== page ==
After the Simpson verdict, writers and producers felt free to explore the case in depth because all facts led in one direction, the direction that the media had been pursuing from the beginning, that of Simpson’s guilt. No one has written a serious book or produced a serious documentary making a case for his innocence.

After the Zimmerman verdict, however, writers and producers have shied from exploring the subject in depth because the facts all lead in the opposite direction, the direction that the media rejected from the beginning, that of Zimmerman’s innocence. It is one thing to corrupt a two-minute news byte or a 500-word article. That’s all in a day’s work. It is another thing altogether to corrupt a book or a feature-length documentary. That takes commitment.

True, a mainstream writer or producer could follow the truth where it leads, but that involves even more risk than when Upton Sinclair contemplated the same. Sinclair, at least, did not have to worry about mandatory sensitivity training.

Twenty years ago this week, former football great O.J. Simpson savagely attacked and killed his ex-wife Nicole Brown and her friend Ron Goldman. The double murder and subsequent trial generated a small library of videos and books, the most recent of the latter being Kim Goldman’s, Can't Forgive: My 20-Year Battle with O.J. Simpson. I just finished Goldman’s insightful memoir yesterday. I must have read at least ten other books on the case.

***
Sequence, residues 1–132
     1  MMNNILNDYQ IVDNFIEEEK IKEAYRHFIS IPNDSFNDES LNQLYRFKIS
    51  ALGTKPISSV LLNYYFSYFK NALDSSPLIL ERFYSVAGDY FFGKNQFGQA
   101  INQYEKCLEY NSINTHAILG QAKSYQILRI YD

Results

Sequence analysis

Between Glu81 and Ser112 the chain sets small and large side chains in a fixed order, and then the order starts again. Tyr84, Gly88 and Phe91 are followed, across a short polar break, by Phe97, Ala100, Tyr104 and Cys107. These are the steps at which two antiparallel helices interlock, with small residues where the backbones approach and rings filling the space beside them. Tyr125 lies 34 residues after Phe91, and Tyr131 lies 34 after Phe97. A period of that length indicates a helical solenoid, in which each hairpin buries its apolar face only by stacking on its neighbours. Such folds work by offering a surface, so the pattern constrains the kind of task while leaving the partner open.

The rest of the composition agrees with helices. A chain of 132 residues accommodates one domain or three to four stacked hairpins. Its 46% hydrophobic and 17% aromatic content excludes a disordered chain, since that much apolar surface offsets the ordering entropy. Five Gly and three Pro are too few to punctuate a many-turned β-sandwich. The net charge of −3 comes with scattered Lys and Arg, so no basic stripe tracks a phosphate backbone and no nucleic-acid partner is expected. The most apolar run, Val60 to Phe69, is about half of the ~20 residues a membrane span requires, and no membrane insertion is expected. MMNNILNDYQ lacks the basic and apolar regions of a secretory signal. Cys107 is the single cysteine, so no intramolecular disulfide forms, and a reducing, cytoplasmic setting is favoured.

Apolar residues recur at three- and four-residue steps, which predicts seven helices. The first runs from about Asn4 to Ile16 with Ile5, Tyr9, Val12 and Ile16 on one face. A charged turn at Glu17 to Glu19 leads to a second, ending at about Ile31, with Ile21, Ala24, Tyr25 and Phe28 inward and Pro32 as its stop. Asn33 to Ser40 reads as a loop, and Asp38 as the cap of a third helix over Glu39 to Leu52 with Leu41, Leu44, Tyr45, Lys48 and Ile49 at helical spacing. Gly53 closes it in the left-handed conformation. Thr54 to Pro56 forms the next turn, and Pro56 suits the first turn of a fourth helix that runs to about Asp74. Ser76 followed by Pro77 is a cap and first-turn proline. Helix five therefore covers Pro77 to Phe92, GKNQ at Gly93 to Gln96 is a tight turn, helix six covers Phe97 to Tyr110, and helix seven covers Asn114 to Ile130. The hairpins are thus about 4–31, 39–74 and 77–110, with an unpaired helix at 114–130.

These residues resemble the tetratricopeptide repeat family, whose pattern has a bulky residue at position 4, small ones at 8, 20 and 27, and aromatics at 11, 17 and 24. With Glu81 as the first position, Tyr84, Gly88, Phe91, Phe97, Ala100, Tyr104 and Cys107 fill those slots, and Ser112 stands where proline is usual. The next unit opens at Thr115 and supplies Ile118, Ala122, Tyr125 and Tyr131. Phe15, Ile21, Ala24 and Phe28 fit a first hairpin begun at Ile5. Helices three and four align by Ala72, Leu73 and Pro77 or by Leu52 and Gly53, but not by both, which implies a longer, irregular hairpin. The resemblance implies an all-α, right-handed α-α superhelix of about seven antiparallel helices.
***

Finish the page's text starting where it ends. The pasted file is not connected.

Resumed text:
A year ago this week, the trial of George Zimmerman for the murder of Trayvon Martin began in Sanford, Florida. Although not as sensational as Simpson’s, Zimmerman’s trial was arguably the most publicized and easily the most politically charged in the twenty years since. Yet to date, there have only been two books on the case, my own If I Had A Son: Race, Guns, and the Railroading of George Zimmerman and the painfully orthodox Suspicion Nation by NBC’s Lisa Bloom, neither of which got any attention. To my knowledge, there has not been a single, thoughtful, long-form essay from any major magazine, left, right, or center. The video front has been just as quiet, and I think I know why this is so.